Today is another "blog action day" and we are supposed to blog on our thoughts on how the various agility organizations could improve things. Please be sure to visit the main DBAD Action Day page to visit the other blogs writing on this subject. I think it will be a very interesting day of posts!
I figured I'd start off with NADAC for two reasons -- It's the organization with which I've been involved the longest and it's also the organization with which I find the most faults.
Luke and I started competing in NADAC in 2007, only a few short months after we started taking classes. This was the most obvious choice for us because the facility where we trained hosted (and still hosts) 8-10 NADAC trials per year. They also host a few AKC trials per year, but this was before AKC started to allow mixed breeds into their trials.
I attended a NADAC trial as a spectator in February of 2007 and it looked like loads of fun. The people I met at the trial were very friendly and I'm still friends with many of them to this day. This trial just so happened to be the very last in this area that had the teeter. NADAC banned the use of teeters in trials shortly after. I discovered this when we entered our first trial in April and I was surprised to see that there was no teeter. Luke liked the teeter, but whatever.
This was the first NADAC change I experienced, although history (and friends) tell me that there were numerous others prior to that. It didn't take me very long to understand the running joke of how often the rules change in NADAC, but none of it really bothered me. The next big change after I started was the removal of the distance line in Regular. Can't say that one really bothered me, although nor would it bother me to have it back again. Undoubtedly it would not do anything to help NADAC's popularity among the masses, though.
I remember when hoops were introduced. We were at a trial in Minneapolis and the club surprised everyone by offering a "bonus" class at the end of the day. It was a numbered course (like Jumpers) and the obstacles were all hula-hoops zip-tied to a PVC frame (I don't even know if those are allowed anymore). I actually bought a photo of Luke running through a sparkly hoop because I thought it was cool. :o) I've never been a hoop-hater like some I know. I know people who have left NADAC over this obstacle (likely just the straw that broke the camel's back). I do, however, take issue with just how much this obstacle has crept its way into NADAC in general. These days, despite Sharon claiming that there should be more jumps than hoops in a Regular course, it is very common to have a course comprised with a majority of hoops vs. jumps. Weavers and Touch-n-Go now have hoops outnumber the tunnels on course. Only by some small miracle have we kept them out of Tunnelers, I guess.
One change I look back at now and laugh is when Sharon decided to move to single-bar jumps. You would not believe the stink I threw about that. I was schooling with 3' wide single-bar jumps at home; I'm still not sure why that was such a big deal for me. Likely it goes back to the root of most of my problems with NADAC -- the reason given for the change. In this case I seem to recall the major justification being that "it would save time during jump height changes." I still find that one ridiculous.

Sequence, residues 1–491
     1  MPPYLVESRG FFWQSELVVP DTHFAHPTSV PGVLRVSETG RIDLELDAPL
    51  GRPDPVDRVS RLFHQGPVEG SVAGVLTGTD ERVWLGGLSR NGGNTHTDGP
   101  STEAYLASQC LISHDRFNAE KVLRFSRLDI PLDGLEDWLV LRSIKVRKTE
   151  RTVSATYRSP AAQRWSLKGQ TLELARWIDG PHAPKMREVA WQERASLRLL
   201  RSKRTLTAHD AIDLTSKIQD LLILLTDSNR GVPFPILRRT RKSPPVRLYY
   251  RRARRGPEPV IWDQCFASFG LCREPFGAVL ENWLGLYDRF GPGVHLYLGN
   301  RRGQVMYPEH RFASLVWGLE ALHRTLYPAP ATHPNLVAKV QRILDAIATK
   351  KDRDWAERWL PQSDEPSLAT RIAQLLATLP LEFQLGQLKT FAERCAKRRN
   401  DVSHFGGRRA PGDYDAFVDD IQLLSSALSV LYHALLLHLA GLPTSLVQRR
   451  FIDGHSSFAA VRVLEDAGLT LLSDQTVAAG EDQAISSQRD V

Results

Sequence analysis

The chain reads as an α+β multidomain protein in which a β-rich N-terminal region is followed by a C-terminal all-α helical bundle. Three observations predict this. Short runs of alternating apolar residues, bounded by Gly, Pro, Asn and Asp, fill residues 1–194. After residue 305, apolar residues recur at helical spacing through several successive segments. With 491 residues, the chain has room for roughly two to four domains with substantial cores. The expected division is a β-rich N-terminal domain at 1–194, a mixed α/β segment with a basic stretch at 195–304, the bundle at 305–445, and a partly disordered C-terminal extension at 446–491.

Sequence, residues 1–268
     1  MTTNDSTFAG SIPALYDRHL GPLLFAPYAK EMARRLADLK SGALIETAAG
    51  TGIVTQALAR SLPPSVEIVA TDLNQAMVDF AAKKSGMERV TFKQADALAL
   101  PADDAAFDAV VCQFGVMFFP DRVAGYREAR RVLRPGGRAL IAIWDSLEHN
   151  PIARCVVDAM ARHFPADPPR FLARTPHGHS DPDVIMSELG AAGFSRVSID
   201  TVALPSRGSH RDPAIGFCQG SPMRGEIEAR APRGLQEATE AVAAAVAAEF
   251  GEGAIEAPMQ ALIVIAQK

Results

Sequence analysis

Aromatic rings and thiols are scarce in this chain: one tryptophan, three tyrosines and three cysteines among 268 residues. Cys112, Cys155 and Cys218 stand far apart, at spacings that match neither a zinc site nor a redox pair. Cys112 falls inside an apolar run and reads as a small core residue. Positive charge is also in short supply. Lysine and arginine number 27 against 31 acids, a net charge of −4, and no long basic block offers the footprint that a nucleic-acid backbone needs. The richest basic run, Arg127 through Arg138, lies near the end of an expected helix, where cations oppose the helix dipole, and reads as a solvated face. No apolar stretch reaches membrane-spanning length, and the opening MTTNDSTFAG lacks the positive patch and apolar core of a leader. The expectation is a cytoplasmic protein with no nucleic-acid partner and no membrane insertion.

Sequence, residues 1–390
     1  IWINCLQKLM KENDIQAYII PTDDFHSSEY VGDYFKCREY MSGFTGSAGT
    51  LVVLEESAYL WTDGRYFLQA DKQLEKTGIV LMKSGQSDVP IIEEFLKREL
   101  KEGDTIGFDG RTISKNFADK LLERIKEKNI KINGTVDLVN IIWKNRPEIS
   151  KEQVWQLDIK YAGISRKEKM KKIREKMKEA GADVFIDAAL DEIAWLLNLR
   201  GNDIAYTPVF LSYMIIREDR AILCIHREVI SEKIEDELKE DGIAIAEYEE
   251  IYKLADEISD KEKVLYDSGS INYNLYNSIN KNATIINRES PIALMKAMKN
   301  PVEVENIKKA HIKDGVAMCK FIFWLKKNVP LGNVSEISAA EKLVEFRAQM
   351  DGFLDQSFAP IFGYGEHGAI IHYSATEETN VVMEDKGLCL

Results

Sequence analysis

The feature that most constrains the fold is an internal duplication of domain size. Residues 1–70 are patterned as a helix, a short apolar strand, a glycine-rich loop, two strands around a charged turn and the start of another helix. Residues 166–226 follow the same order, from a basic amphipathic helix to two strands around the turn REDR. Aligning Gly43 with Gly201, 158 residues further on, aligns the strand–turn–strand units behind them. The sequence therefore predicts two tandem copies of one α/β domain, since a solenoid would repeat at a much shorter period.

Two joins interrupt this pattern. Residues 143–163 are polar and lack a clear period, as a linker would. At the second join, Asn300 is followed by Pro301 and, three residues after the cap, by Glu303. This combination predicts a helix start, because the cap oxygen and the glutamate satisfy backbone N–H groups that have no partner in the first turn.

Most recently we have the addition of the barrel to NADAC agility. The barrel was originally introduced in EGC -- which, shall we mention, was originally created completely separate of NADAC and it was said it would stay separate from NADAC... but we all know how long that lasted. The barrel is creeping its way into regular trials on a requested basis at the moment and will be required in 2014. Honestly, I'm kind of exhausted on this subject. You can see my last post for a few thoughts (and lots of good discussion in the comments, too!). Again, one of my biggest "issues" with the introduction of the barrel was the reasoning given behind it. We were told that they were going to be used to replace the "dangerous" U-shaped tunnels that were causing dogs to slip and fall. Really? Whatever.
Don't get me wrong, though -- I believe NADAC has been at the forefront of a lot of GOOD changes and ideas. I believe even the staunchest anti-NADAC competitors will give credit to Sharon for making rubberized contacts the norm. That said, I'll never understand those who are so against the rubber belting... I appreciate the 5' a-frame that NADAC offers as well as the multitude of jump height options available.
Unfortunately I just don't feel challenged by NADAC courses anymore. I enjoy Jumpers and Chances for the thrill these classes offer, but aside from that it's become a pattern of just going through the motions. Thankfully there are certain added incentives to keep my interest. For a period of time I started running bonus lines with Luke to add some excitement to my day. Our Q-rate plummeted, but it kept me on my toes and got my heart pumping! We did fewer bonus lines when Sharon changed the rules that bonus attempts had to be ran first in the class and stopped them altogether when she proclaimed that all attempts must be videoed and sent in for qualifying purposes. No thanks.
These days my fun is with Kaiser. He's my first dog capable of obtaining runs with a DRI over 100 (how that is calculated is beyond my ability to explain here) -- but for those not in the know it basically means he's in the top percentage of dogs running on those courses. My goal for every run is to get a 100+ DRI, which makes me push and try new things. We've had a lot of high 90's runs, but he's starting to get more consistent and pushing the edge! Our last trial netted us 3 runs with a DRI over 100! Two Regular runs (hard to come by!) and one Jumpers run. My goal for Kaiser is to get a Platinum Speed Star, but that requires TWENTY runs in Regular. We'll keep trying! Kaiser just loves NADAC, which is why we keep plugging away despite all of the changes that exasperate me to no end. Oh, and the people. I really love my NADAC friends.